Having won on the battlefield, Meliara must now do the same in the more complex world of court intrigue.
Court Duel is better than its predecessor, Crown Duel, though it shares some of the same flaws. The story is a harmless young adult adventure, though it focuses more on court politics than I might have wished. On the pedantic front: the language is sometimes careless – several times, there are variants of “he had bade her to …”, where “bidden” would have been correct. But generally, it’s a readable light fantasy.
More of a concern, even in a YA novel, are substantial flaws in court behaviour. For example, the kingdom lacks a ruler throughout virtually the entire book, yet no one seems very concerned. The book makes the occasional stab at depicting budding democracy, but it’s essentially a hereditary, feudalistic system through and through. In a fantasy, that would be no problem if the author embraced it. Here, Sherwood seems to want to pretend everyone’s happy with the arrangement. Yet our protagonist, Mel, who we understand to be at one with the common people despite her formal rank, shows no compunction about spending what must be vast amounts of money to have artisans brought from other countries, all to throw a party. Money originally deprived from brutal repression and excess, but … that was before.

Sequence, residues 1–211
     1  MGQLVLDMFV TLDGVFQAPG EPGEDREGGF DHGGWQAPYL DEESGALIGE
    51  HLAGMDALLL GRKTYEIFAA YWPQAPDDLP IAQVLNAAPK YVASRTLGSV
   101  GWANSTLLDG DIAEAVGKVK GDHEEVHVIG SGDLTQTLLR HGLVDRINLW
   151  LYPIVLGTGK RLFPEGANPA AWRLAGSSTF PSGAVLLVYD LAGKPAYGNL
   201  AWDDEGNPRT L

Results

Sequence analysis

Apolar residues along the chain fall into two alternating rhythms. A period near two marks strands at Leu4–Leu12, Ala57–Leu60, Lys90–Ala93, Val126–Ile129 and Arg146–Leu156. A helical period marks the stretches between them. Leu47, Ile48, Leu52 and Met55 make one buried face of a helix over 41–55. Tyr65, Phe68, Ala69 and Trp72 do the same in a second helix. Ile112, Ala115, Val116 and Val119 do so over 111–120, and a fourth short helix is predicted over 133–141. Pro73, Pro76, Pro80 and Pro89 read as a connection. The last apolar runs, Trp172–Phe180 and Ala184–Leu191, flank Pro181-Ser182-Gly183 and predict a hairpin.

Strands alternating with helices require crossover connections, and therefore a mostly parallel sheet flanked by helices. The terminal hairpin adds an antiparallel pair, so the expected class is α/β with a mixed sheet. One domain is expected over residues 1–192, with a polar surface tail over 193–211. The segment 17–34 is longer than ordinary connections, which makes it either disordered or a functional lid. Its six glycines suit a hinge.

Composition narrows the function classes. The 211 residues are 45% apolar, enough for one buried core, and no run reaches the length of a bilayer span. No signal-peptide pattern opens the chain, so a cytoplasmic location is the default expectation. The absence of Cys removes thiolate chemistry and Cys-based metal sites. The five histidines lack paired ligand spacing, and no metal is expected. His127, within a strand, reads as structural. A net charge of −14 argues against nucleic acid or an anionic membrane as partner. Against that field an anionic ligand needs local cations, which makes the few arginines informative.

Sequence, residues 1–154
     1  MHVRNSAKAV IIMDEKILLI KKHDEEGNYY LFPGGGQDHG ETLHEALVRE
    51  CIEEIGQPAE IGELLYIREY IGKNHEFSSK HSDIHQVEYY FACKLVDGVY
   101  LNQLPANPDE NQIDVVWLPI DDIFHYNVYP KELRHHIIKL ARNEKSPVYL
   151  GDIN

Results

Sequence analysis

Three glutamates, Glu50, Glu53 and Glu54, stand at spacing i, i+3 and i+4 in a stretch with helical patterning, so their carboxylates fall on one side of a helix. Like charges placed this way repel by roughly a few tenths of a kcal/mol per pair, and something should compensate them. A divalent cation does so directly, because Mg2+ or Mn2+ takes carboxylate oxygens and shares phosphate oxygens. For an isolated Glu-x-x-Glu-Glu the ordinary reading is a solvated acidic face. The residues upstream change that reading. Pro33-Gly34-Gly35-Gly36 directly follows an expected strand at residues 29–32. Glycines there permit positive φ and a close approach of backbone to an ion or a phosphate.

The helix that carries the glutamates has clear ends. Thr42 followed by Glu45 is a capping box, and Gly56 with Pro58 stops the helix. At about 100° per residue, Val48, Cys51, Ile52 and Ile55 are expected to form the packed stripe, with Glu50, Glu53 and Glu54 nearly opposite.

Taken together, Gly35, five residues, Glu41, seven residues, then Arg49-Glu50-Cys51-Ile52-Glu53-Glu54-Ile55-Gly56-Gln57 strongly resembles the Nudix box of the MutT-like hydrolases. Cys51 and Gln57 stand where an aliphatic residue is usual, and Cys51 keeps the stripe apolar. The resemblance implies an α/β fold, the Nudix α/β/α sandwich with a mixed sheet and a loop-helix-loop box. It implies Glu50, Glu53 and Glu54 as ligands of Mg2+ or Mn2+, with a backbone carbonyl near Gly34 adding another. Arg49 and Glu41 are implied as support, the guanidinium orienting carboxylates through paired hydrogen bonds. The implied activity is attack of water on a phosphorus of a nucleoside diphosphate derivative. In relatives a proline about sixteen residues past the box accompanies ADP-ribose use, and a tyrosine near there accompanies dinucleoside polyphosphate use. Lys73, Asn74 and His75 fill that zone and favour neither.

The plot itself is fairly straightforward – court politics, unexpected romance – and no great surprise to anyone but Mel. I’m not certain it was mean to be, but watching her not know what’s what over the course of two books did get a bit tedious.
Overall, a decent read, but not one to go out of your way for, and possibly not meaningful to anyone who hasn’t read the first book, which I can’t recommend.